What does Daniel 4:7 mean?
ESV: Then the magicians, the enchanters, the Chaldeans, and the astrologers came in, and I told them the dream, but they could not make known to me its interpretation.
NIV: When the magicians, enchanters, astrologers and diviners came, I told them the dream, but they could not interpret it for me.
NASB: Then the soothsayer priests, the sorcerers, the Chaldeans, and the diviners came in and I related the dream to them, but they could not make its interpretation known to me.
CSB: When the magicians, mediums, Chaldeans, and diviners came in, I told them the dream, but they could not make its interpretation known to me.
NLT: When all the magicians, enchanters, astrologers, and fortune-tellers came in, I told them the dream, but they could not tell me what it meant.
KJV: Then came in the magicians, the astrologers, the Chaldeans, and the soothsayers: and I told the dream before them; but they did not make known unto me the interpretation thereof.
Verse Commentary:
In ancient Babylon, the king employed various occultists and advisors to whom he could refer on various subjects. In this verse, these men are listed as magicians and enchanters. Likewise, the king's culture believed that stars and planets guided men's fates, so astrologers were kept on hand. The men designated "Chaldeans" were part of this team: the Chaldean culture was so associated with fortune-telling and astrology that the terms were nearly interchangeable. When, in the past, Nebuchadnezzar had a troubling dream, these were the men to whom he looked for answers (Daniel 2:1–2). As a combined group, the first men to whom the king speaks are involved in exorcisms, spells, and reading stars.

After the last incident (Daniel 2:8–11), one would expect the king to simply ask for Daniel. Yet Nebuchadnezzar has summoned all his wise men (Daniel 4:6), implying some who were not available immediately. Daniel was given great responsibility (Daniel 2:48), so he likely would not have been waiting by the king's side for such an event. While waiting for his Hebrew captive, the king seems to have let the court spiritists attempt to solve his problem. None of these men could give an answer.

The book of Ecclesiastes makes clear the folly of searching for the meaning of life anywhere but in God. Every search that excludes God is labeled "vanity." The Preacher in Ecclesiastes speaks of the importance of remembering our Creator when we are young (Ecclesiastes 12:1–8). The conclusion the writer of Ecclesiastes draws is that it is best to fear God and obey Him (Ecclesiastes 12:13–14).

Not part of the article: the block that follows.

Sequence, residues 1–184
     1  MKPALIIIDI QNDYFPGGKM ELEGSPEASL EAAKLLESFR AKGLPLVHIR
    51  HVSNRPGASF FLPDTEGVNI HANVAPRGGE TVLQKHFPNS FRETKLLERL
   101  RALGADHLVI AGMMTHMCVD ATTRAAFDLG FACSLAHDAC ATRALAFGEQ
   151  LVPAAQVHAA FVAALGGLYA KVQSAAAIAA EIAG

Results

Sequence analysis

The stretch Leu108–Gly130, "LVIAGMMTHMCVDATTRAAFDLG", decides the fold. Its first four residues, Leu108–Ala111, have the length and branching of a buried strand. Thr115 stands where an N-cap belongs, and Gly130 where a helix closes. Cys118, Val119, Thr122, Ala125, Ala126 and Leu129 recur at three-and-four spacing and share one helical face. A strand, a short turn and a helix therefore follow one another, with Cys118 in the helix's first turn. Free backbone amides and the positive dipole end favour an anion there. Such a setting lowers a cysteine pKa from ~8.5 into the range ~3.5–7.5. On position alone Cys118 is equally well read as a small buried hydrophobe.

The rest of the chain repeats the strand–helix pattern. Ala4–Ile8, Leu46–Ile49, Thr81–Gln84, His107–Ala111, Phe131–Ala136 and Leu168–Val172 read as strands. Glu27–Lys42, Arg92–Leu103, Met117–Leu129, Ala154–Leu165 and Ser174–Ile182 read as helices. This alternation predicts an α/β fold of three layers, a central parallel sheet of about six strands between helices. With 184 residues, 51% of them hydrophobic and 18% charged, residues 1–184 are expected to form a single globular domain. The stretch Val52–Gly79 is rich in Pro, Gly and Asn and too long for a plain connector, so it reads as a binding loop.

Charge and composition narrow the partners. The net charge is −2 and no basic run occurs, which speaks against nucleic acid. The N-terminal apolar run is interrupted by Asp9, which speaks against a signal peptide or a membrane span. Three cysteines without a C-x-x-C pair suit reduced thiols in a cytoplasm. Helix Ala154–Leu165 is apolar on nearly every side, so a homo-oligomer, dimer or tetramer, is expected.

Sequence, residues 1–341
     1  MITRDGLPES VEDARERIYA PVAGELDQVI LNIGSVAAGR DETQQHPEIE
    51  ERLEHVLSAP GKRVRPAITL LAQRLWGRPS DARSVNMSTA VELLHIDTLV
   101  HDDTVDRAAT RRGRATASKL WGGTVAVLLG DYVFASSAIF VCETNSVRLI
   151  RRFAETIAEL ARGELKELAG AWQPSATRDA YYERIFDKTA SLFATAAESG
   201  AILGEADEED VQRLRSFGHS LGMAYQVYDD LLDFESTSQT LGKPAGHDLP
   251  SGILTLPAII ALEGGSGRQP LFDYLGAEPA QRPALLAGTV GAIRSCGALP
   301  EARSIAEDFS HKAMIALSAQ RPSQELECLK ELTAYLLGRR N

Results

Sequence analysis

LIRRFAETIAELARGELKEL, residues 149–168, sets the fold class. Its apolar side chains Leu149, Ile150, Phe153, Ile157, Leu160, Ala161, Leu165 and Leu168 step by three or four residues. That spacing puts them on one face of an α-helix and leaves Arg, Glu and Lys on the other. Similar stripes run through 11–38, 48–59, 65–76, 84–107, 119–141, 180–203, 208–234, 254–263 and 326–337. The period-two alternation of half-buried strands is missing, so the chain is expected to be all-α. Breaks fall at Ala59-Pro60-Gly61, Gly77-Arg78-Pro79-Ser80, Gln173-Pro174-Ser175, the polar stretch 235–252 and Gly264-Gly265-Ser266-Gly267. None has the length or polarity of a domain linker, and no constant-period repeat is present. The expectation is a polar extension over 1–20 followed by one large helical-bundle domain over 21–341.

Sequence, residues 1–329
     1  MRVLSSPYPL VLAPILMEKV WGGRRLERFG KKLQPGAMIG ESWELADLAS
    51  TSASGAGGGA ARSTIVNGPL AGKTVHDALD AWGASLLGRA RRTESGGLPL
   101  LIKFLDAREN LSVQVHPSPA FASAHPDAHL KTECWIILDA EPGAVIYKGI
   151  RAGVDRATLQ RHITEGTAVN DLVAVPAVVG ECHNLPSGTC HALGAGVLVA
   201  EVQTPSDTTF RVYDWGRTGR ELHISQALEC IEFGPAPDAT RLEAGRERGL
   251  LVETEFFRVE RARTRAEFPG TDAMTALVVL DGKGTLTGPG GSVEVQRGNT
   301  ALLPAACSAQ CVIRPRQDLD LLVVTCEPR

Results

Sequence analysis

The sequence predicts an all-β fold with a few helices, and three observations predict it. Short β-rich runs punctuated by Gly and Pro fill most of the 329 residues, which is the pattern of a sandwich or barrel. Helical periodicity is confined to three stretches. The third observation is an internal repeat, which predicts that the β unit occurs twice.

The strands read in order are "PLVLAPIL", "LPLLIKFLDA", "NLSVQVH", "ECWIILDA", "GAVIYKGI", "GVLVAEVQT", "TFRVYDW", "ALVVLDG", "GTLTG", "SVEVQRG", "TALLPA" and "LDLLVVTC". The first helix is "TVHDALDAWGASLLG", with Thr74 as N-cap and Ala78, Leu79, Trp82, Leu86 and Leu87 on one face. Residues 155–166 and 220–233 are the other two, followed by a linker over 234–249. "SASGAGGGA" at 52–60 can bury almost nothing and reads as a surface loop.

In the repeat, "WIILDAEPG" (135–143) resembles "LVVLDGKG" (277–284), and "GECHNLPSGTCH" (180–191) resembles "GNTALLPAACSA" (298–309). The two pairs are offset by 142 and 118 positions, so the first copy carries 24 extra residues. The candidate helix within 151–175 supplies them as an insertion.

Verse Context:
Daniel 4:1–18 introduces another of Nebuchadnezzar's mysterious dreams (Daniel 2:2–3). As before, the king summoned his wise men to interpret the experience. They failed, but Nebuchadnezzar also spoke with Daniel (Daniel 2:46–47). This time the king told his wise men and Daniel what he had dreamed. This sets the stage for Daniel's interpretation and the fulfillment of another prophecy.
Chapter Summary:
Daniel 4 opens with a proclamation in which Babylon's king, Nebuchadnezzar, declares what God has done for him. He recalls yet another frightening dream (Daniel 2:1). He sees a tree cut down to the stump, and a man made like an animal. Once again, only Daniel could interpret the dream's meaning. The news is terrible: the king will be driven insane for "seven periods of time" until he learns humility. A year later, this happens. Also as promised, Nebuchadnezzar humbles himself and regains his senses and his throne. He praises God for this miraculous work.
Chapter Context:
Daniel chapter 1 depicted Babylon's King Nebuchadnezzar as powerful. Chapter 2 showed his vindictive nature. His extreme vanity was on display in chapter 3. Daniel chapter 4 records his submission, repentance, and return to prominence as the King of Babylon, all under God's humiliating judgment. Chapters 5, 6, and 7 continue to speak about Gentile rulers and related prophecies.
Book Summary:
The book of Daniel contains famous Old Testament stories and prophecies. Daniel was taken from the Israelite people and made an advisor for a conquering empire. He demonstrates faithfulness and wisdom during many years serving in this role. Though Daniel does not deliver a public message, Jesus refers to him as a "prophet" (Matthew 24:15). The first portion of the book mostly describes Daniel's interpretations of dreams and other events. The second portion looks ahead to the end times. Daniel is classified in English Bibles as a "major" prophet, meaning the book is relatively long and the content has broad implications. The book of Revelation echoes and expands on many of the same themes.
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